Since web scraping is rather a complicated process, there are multiple challenges faced by our clients. However, I do believe that our Scraper APIs address most of them.
To start with, the proxy acquisition costs are high and not always predictable. While most businesses that engage in web scraping use proxy providers, they are often charged per traffic rather than IP address.
This means that costs can increase substantially if a client is experiencing any challenges while scraping data online (e.g., failed scraping attempts due to target website layout changes or existing anti-bot measures). It’s a fairly frequent occurrence, especially if the company doesn’t have the deep technical expertise that is required for web scraping.
Data quality is another issue. I’ve seen what the regular output of a web scraper looks like and it’s not pretty. A lot of development and work goes into extracting data in a proper fashion and even small errors can lead to low quality data. As a result, a lot of effort has to go into ensuring scraped data quality.
To summarize, all these issues can largely be solved by using our Scraper APIs. Our extensive experience allows us to reduce scraping and proxy acquisition costs, while our innovative machine learning solutions make it easier to maintain data quality.
What kind of feedback do you receive about Scraper APIs (or Real-Time Crawler back in the day)? Do you have any success stories?
It’s interesting that you note both names of our solution. Once we decided to go ahead with the rebrand, we collected in-depth feedback from our partners and customers. Our switch to Scraper APIs has been regarded favorably since it made it easier to understand the purpose of the solution and clarified the value-add.
I recall two related success stories. First, there was a business intelligence company that was scraping e-commerce data and constantly experienced issues with frequent blocks and loss of data.
Due to these challenges, they used to dedicate most of their time to bug fixing rather than delivering real business value. Once they implemented one of our Scraper APIs, they were able to extract the data without failures and focus on data analysis instead, which is one of the key value drivers for their company.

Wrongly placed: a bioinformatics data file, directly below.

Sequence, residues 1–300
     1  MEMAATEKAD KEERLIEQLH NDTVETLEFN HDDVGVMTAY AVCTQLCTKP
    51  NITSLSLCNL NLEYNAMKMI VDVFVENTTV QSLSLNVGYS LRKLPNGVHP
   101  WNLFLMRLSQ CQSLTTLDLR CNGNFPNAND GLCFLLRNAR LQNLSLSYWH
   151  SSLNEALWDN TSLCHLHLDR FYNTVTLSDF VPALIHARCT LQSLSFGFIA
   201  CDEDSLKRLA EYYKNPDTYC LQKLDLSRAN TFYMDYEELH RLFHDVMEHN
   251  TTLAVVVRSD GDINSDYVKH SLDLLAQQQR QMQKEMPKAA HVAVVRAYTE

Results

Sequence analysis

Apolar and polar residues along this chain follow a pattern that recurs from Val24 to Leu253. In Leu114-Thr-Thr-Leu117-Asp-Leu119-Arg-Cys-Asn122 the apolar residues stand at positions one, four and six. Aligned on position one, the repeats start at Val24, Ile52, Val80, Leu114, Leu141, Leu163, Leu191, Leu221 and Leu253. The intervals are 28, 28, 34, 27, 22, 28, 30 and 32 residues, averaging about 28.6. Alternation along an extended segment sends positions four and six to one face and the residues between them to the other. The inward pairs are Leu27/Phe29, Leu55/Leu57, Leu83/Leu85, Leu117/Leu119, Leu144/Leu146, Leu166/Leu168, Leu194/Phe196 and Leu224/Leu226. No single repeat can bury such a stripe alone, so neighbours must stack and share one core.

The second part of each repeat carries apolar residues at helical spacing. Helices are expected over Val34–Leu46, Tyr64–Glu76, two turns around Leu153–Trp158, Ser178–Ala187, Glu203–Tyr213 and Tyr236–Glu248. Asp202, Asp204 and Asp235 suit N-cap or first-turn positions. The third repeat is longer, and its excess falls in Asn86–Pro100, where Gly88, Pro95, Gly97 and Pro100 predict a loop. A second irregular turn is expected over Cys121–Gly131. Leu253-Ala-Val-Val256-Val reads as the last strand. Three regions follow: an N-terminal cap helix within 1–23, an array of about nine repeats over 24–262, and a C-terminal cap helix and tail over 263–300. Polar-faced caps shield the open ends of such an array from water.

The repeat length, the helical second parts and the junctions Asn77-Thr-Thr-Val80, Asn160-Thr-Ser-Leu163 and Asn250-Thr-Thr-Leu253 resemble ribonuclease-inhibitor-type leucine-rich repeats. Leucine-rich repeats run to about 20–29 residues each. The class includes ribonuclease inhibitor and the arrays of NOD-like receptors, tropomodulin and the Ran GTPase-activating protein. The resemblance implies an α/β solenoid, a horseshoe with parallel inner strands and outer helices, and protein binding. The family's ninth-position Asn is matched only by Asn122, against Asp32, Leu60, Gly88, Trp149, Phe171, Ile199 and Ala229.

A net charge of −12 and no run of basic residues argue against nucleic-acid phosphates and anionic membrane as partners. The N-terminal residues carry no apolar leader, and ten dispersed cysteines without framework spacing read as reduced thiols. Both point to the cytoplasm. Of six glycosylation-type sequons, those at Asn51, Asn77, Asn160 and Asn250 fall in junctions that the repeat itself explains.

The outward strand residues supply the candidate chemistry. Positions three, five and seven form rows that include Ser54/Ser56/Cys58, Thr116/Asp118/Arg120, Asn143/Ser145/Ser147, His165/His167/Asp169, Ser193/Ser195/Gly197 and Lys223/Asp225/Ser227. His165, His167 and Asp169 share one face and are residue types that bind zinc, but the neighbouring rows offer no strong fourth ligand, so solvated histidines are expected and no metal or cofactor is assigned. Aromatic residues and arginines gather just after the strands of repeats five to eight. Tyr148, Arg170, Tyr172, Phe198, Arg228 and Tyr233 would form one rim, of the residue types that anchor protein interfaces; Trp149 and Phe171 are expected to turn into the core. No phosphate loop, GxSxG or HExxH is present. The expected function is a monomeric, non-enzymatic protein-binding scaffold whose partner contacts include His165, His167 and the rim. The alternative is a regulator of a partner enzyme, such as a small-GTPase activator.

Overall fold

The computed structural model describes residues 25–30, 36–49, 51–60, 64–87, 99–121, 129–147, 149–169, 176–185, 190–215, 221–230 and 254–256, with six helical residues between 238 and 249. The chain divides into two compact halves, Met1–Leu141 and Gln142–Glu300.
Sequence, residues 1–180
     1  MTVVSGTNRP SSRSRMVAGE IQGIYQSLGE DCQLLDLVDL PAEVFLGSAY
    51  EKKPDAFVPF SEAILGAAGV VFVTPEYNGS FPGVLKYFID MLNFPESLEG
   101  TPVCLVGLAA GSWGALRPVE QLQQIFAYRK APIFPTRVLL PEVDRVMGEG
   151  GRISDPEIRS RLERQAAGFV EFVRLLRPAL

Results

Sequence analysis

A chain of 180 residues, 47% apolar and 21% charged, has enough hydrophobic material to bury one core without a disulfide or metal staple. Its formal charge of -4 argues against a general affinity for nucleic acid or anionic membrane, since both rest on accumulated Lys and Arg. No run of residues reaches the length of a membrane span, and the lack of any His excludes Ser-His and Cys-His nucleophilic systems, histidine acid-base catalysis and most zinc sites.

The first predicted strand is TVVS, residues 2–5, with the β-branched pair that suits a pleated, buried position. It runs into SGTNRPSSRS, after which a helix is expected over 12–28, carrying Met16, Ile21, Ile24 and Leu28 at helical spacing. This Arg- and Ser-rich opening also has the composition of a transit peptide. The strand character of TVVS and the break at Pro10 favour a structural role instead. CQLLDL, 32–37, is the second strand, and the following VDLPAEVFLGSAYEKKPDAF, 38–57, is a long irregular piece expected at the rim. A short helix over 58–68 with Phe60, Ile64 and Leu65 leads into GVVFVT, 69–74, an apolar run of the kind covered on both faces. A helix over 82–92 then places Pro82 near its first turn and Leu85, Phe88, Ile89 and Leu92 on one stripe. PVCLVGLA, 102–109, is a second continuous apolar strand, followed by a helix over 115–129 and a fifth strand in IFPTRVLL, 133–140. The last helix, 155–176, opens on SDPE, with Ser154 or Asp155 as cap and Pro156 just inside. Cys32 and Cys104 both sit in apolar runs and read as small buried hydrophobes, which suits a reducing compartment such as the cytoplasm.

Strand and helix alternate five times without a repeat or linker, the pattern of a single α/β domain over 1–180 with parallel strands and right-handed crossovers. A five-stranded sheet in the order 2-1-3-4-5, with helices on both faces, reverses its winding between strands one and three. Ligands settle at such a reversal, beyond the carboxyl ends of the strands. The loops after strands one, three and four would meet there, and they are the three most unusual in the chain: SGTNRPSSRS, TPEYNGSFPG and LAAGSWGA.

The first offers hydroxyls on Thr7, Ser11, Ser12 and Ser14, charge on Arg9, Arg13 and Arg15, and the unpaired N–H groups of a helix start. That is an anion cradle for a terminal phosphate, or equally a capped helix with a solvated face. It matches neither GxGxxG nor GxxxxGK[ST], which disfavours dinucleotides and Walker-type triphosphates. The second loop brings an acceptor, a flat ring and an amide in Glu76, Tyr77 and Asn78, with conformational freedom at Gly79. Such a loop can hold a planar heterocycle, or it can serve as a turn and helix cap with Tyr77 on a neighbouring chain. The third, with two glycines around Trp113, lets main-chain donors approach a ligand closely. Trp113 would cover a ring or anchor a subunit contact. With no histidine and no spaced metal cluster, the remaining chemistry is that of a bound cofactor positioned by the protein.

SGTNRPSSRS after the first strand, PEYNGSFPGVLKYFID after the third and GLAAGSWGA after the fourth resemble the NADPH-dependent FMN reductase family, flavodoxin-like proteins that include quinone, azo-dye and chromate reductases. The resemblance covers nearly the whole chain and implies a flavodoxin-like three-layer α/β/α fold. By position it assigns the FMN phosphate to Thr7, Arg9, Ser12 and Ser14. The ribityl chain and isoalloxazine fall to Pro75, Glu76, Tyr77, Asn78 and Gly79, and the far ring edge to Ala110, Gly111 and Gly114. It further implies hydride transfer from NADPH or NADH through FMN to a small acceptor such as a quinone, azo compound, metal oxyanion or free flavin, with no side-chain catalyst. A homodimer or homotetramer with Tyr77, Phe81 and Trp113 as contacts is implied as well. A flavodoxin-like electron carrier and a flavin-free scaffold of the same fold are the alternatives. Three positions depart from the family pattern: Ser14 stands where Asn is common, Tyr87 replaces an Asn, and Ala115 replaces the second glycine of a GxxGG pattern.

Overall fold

Another success story has been with trivago, a travel fare aggregator. They had previously used an in-house solution powered by our Residential Proxies. Unfortunately, the data collection process was highly complicated as the travel fare aggregator needed data from over 200 countries. Transitioning to our Web Scraper API allowed them to solve their existing web scraping challenges and improve data collection outcomes.
What are the most frequent clients for Scraper APIs? Are there any unique use cases?
Well, most of the Scraper APIs do exactly what they say. I think the easiest to outline is the E-commerce Scraper API, which is primarily used by e-commerce companies, platforms, and websites. Competitor analysis stands at the forefront with use cases like dynamic pricing and product catalog mapping.
SERP Scraper API usage is highly dominated by marketing and SEO agencies. They usually scrape data from known search engines, allowing them to get insights into keyword ranking and associated trends, ad performance, brand monitoring, and many other areas.
Finally, our Web Scraper API, which has the widest range of possible uses is mostly being used for fraud protection and travel fare aggregation.
What would you do if you could get any publicly available data from the internet? The possibilities afforded by web scraping are nearly endless.